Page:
There are a number of reasons that breeding chickens might be something you’ll want to do. Perhaps accidentally or intentionally you already have
Maybe you'd like to raise a clutch of fluffy chicks to add to your flock, your hens are getting older and not laying as much, could be there’s a special breed you’d like to work with and possibly improve or you want to start raising or replacing chickens to be killed for meat.
Breeding and raising domesticated chickens is a human habit dating back 8000 years. Welcome to Raising-Chickens.org where we will condense such a long history of work into something simple and enjoyable for anyone interested.
It’s easy to keep chickens healthy and safe if you know what to do for them and are prepared before bringing them home. You will want to invest in a good chicken coop or convert an existing building to suit the size and purpose of your flock.
Since I'm often asked about how to build your own coop I took the time to preview a couple coop plan resources.
If you're looking for a quality set of chicken coop plans then take a look as I narrow it all down.
Click the image below to read the review..
When breeding chickens be prepared. Even if you free-range your chickens you should still have a good size yard attached to the chicken coop.
If you plan to raise young chickens while keeping adults, separate housing may be needed until the young chickens reach adult size. A few separate pens or large wire cages can help.
If you keep one of the rarer poultry breeds then breeding is important to maintain that breed. It’s the individual fanciers of some breeds that have kept them thriving through centuries.
Some rare breeds are actually facing extinction. The good news is that no matter why you need or want to breed, it's not hard to produce more chickens. Let's take a look at breeding chickens.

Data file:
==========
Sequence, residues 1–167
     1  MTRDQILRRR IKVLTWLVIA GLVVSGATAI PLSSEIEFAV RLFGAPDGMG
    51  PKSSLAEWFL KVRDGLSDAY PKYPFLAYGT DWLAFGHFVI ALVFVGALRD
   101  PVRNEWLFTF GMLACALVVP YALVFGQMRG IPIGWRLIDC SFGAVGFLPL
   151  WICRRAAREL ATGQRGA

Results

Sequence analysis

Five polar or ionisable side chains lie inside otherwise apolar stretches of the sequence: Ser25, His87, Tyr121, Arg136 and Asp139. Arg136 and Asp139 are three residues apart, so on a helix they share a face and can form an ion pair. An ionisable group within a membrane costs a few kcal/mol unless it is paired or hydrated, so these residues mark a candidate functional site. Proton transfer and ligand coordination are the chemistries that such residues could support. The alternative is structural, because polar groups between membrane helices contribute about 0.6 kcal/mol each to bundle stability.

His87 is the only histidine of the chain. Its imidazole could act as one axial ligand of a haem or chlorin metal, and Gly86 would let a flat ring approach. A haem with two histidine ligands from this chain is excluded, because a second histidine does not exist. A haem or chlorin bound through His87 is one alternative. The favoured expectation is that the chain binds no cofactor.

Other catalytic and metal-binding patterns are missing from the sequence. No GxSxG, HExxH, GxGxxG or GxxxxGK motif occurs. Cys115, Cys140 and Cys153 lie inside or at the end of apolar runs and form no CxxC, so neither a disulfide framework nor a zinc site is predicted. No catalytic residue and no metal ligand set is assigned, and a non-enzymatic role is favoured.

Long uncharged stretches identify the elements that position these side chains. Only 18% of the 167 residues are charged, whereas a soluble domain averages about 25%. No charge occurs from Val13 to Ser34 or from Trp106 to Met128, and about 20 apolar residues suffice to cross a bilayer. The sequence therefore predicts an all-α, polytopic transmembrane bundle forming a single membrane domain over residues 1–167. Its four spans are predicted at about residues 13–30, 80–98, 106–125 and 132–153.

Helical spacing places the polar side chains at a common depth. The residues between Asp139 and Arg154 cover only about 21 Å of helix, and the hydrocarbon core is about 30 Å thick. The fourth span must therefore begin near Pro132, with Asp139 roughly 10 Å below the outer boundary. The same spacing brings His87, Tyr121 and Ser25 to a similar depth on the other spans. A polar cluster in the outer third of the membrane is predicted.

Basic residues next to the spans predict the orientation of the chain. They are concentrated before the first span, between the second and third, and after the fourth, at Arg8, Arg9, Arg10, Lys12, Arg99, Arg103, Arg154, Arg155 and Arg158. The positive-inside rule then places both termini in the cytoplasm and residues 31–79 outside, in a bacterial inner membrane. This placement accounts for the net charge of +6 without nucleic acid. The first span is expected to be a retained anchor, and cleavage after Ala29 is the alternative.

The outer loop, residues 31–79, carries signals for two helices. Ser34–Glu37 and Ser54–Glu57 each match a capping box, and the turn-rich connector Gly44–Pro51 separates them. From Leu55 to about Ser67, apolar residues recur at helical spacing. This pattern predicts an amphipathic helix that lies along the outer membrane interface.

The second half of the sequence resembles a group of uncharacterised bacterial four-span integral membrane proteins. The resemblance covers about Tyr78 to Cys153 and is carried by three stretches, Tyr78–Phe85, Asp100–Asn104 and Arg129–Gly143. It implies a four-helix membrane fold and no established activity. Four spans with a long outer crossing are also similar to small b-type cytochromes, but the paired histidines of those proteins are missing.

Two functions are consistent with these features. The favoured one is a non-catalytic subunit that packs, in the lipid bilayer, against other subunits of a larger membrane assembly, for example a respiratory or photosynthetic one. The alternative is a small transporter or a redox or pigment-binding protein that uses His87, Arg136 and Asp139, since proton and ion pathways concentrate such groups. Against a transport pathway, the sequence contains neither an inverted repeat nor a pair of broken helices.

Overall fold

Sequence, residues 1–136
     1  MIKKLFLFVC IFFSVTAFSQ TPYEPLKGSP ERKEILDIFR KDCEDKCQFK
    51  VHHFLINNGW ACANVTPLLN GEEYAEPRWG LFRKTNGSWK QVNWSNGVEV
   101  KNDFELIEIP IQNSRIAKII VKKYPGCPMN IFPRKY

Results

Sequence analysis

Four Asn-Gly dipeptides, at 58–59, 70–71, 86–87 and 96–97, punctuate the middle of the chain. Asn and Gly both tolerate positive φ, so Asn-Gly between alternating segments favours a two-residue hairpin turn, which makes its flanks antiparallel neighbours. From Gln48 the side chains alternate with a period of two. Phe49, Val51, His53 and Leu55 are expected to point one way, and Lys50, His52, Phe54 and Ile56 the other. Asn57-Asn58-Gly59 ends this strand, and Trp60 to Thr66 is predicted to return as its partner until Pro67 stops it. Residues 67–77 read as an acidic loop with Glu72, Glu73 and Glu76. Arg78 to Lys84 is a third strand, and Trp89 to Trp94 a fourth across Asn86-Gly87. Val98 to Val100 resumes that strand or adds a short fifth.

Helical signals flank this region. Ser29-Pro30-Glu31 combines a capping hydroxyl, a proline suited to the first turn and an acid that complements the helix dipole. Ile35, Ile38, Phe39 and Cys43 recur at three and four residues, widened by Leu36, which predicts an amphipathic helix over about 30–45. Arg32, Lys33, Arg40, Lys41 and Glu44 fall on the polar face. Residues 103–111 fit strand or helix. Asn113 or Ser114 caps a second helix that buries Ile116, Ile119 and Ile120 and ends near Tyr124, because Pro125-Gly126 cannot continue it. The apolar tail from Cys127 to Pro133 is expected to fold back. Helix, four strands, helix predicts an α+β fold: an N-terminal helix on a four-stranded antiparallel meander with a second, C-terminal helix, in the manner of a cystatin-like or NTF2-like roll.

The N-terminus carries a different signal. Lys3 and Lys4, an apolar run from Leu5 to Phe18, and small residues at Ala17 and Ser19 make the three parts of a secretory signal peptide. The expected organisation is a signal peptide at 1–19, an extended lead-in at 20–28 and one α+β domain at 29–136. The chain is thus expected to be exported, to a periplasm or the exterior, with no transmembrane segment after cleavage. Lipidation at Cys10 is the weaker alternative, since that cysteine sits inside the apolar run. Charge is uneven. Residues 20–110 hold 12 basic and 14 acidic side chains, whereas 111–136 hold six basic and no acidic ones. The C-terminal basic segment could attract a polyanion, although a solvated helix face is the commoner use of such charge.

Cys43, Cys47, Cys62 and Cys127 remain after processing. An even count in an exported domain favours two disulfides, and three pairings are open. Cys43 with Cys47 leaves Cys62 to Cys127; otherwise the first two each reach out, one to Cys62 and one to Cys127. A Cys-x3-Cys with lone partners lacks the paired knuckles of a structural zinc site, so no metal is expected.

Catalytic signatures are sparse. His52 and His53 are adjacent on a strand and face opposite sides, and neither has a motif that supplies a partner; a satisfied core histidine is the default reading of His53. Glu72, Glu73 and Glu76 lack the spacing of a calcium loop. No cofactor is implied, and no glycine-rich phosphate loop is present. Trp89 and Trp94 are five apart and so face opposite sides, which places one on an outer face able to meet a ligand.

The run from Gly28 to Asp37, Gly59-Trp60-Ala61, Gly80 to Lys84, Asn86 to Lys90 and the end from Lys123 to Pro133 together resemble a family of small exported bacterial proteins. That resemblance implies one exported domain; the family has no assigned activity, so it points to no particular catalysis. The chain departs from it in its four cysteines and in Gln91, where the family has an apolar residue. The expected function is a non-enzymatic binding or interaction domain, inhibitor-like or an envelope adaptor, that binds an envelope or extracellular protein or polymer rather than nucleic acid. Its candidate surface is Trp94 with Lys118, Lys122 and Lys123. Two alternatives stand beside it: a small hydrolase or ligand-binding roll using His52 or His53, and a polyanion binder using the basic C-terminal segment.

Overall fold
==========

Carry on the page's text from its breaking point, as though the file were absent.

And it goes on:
There are several chicken breeding methods, from isolating individual hens and roosters for selective breeding to just letting the roosters and hens live together.
If you have a mixed flock that lays different colored eggs, you may be able to use different roosters at different times and only incubate the purebred eggs from hens of the same breed as the current rooster. This can take less space while keeping your main flock together.
Roosters can be rough on hens. Sometimes the spurs of the rooster or his feet will cause feather loss on the hens’ backs. There’s a great product called: “hen saver” that has been helping many hens be more comfortable during breeding. Feeding chickens well is always important, but hens that lay and spend weeks sitting on eggs need to be in the best shape possible.
That way, you'll know that they'll stay in good health, even though they're producing eggs or sitting on them and not eating often. Once you have fertilized eggs, you'll need to incubate them.
Natural incubation is the oldest form of breeding chickens. A broody hen will eventually claim a clutch and incubate them to hatching.
She probably won’t care if she or another hen laid the eggs. A good brood hen will carry out her duties with single minded focus only leaving the nest once or twice a day to relieve herself, stretch, have a bite to eat and a good drink of water.
Once the chicks hatch she will hover over them protectively, keep them warm and teach them as they grow.
You may want to keep brooding hens separate from the rest of the flock in an area designed for raising chicks. Some hens can be rough on another hen’s chicks.
Artificial incubation is another option. After all, hens are only broody at certain times of the year. For breeding chickens commercial incubators will remain at the correct temperature and bring your chicks to hatching.
Sometimes it’s possible to “graft” an incubator clutch of day old chicks under a broody hen at night.
The chicks will snuggle to her warmth and in the morning she will likely believe all her eggs have hatched. This doesn’t always work so have a warm brooder ready.
Keeping pedigree records will help you prevent inbreeding and will ensure that you'll have healthier chickens that will produce longer.
If you are working with a specific pure breed, bringing in a new and unrelated rooster every year or two will prevent inbreeding also. Take the time to plan your breeding, and you're sure to avoid many problems.